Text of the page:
Decisions! What a Process! by Debra H. Goldstein
I hate making decisions. You might think that’s funny considering all the years I sat on the bench as a judge. The reality is that weighing the law and the facts of a case to issue a ruling was often easier than it is to decide what restaurant to eat at and what to order when I get there. The lack of importance or relevance of where and what I eat is what probably makes that kind of decision harder than those that involved people’s lives.
Making decisions in writing come with a different kind of difficulty. There aren’t cut and dried rules to apply because the tropes of any genre can be bent. Authors, unlike judges, aren’t reacting to an existing fact pattern. Instead, they create the narrative. This is accomplished through characterization, pacing, setting, voice, point of view, and plotting. When all of these things come together perfectly, everything flows allowing any determinations to almost seem predestined. The key is when they don’t merge well.
That’s when the decision-making process comes into play. Which element must be changed? What words should be cut? What needs to be added? What will make the piece work best for readers? These questions are perplexing. Finding answers to them is gut-wrenching.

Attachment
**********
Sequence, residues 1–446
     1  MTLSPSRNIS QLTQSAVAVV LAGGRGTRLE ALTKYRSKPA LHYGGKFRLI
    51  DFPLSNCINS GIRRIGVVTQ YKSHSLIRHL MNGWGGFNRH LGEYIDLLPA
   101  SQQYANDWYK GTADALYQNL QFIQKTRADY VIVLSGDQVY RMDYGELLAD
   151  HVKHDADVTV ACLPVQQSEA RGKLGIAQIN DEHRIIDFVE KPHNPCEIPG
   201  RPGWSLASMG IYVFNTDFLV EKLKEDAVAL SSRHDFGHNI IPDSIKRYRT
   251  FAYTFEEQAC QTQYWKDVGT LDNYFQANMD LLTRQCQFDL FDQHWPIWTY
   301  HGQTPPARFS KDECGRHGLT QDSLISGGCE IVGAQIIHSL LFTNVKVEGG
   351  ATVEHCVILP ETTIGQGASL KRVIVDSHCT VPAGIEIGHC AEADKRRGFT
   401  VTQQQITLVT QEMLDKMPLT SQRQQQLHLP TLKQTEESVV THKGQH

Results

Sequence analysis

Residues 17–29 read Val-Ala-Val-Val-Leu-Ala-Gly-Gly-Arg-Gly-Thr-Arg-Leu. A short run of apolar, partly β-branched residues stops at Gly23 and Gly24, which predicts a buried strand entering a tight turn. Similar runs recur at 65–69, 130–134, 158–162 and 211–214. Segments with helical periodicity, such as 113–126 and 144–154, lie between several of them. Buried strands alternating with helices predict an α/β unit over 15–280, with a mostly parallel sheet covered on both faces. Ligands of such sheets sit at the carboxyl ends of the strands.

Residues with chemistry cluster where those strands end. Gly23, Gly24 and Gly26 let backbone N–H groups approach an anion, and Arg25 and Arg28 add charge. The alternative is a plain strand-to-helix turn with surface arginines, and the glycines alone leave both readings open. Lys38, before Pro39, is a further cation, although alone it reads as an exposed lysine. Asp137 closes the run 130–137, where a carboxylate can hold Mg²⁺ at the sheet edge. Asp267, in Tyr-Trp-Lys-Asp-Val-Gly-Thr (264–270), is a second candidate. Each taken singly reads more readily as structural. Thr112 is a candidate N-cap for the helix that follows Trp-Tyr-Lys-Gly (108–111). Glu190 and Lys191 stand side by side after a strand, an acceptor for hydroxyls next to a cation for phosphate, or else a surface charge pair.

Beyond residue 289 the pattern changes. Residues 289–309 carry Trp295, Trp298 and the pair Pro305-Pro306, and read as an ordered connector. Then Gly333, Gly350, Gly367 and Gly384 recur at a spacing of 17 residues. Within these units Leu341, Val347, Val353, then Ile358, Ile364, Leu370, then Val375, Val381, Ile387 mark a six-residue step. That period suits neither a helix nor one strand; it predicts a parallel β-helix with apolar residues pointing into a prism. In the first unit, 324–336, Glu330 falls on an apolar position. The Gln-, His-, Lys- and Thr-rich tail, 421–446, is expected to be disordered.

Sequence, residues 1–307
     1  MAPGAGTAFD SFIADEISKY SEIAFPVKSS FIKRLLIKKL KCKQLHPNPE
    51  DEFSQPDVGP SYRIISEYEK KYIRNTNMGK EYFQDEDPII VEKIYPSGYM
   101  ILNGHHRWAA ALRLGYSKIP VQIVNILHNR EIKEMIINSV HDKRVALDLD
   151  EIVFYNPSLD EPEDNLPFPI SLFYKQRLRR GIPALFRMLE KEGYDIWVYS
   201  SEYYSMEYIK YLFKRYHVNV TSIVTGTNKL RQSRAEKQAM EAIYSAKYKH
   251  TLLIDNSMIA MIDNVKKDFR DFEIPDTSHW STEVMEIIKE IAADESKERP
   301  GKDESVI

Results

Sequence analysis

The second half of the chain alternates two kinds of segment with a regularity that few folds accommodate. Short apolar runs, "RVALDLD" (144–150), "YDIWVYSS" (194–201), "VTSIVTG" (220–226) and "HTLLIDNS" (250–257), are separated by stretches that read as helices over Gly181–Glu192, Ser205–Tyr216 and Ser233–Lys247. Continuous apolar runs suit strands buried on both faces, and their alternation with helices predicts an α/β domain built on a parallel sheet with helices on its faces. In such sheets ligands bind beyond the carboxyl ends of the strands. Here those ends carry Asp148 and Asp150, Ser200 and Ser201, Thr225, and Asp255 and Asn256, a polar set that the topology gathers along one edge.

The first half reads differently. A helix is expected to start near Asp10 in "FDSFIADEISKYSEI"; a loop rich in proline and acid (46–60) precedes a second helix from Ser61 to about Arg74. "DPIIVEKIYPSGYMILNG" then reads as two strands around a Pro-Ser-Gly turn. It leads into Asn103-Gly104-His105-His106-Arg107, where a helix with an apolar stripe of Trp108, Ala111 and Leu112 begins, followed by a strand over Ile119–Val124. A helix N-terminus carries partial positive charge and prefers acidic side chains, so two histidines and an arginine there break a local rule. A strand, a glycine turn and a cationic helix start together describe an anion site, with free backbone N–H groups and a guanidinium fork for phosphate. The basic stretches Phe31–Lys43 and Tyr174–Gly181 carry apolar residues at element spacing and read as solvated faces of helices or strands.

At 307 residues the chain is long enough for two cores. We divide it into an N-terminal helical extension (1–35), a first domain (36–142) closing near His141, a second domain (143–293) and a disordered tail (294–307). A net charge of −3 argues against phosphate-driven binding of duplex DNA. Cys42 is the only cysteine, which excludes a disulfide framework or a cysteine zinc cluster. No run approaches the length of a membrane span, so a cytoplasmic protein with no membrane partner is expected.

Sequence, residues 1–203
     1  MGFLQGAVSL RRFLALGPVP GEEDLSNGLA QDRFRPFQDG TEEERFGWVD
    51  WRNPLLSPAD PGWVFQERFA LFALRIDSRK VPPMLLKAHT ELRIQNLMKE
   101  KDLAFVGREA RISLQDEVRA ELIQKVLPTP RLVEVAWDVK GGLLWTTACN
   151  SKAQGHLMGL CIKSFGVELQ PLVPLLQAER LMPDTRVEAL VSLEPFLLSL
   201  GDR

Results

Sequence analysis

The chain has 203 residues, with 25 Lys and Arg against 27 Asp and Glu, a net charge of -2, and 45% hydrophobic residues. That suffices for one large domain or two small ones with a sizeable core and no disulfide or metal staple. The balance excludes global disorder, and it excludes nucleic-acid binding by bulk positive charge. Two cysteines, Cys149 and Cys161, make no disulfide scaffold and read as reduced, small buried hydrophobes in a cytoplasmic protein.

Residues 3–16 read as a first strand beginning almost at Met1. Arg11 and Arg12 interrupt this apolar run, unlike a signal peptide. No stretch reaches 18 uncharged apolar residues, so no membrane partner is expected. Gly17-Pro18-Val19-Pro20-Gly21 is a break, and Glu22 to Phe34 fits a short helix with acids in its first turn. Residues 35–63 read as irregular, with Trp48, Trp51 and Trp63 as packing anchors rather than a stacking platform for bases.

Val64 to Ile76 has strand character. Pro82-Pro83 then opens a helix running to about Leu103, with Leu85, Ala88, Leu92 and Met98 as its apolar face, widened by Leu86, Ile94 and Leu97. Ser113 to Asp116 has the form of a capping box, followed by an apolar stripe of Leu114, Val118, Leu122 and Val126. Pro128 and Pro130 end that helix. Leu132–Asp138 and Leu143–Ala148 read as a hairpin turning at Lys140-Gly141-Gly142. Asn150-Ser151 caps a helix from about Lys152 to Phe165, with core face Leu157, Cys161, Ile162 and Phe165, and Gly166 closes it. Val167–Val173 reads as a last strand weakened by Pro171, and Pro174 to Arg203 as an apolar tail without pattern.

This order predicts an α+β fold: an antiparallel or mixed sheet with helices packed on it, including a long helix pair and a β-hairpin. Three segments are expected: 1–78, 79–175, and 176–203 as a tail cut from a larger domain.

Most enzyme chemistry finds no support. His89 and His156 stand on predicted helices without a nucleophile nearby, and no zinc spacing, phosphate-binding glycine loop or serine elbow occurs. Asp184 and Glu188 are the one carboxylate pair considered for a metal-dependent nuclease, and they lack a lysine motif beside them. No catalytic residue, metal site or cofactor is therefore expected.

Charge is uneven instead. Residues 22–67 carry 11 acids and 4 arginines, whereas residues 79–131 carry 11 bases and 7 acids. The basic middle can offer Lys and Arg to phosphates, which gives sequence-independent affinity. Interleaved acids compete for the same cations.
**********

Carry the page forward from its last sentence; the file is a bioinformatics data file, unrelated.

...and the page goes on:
For example, in my present work in progress, I spent several chapters in the beginning of the book slowly introducing the characters. Minor twists led to a big bang on page 200. That seemed too late, so I cut my favorite funny chapter, merged two chapters, and moved the big twist to page 100. The pace and tension have improved, but something seems to be lacking because of not having the opportunity to know the characters better. I’ve asked the characters for guidance, but unlike most times, their voices are silent. It is frustrating to have the sense that something is off but be unable to pinpoint what the defect is and how to cure it.
Yet, as a writer, I know I need to gather the facts as I did while I was on the bench and, in this case, apply my internal compass to make my own law that will dictate the outcome of the book. I only hope that my decision is not to put it into a drawer.
Authors, have you ever had this conflict? Readers, have you ever wished an author made a different decision about their work?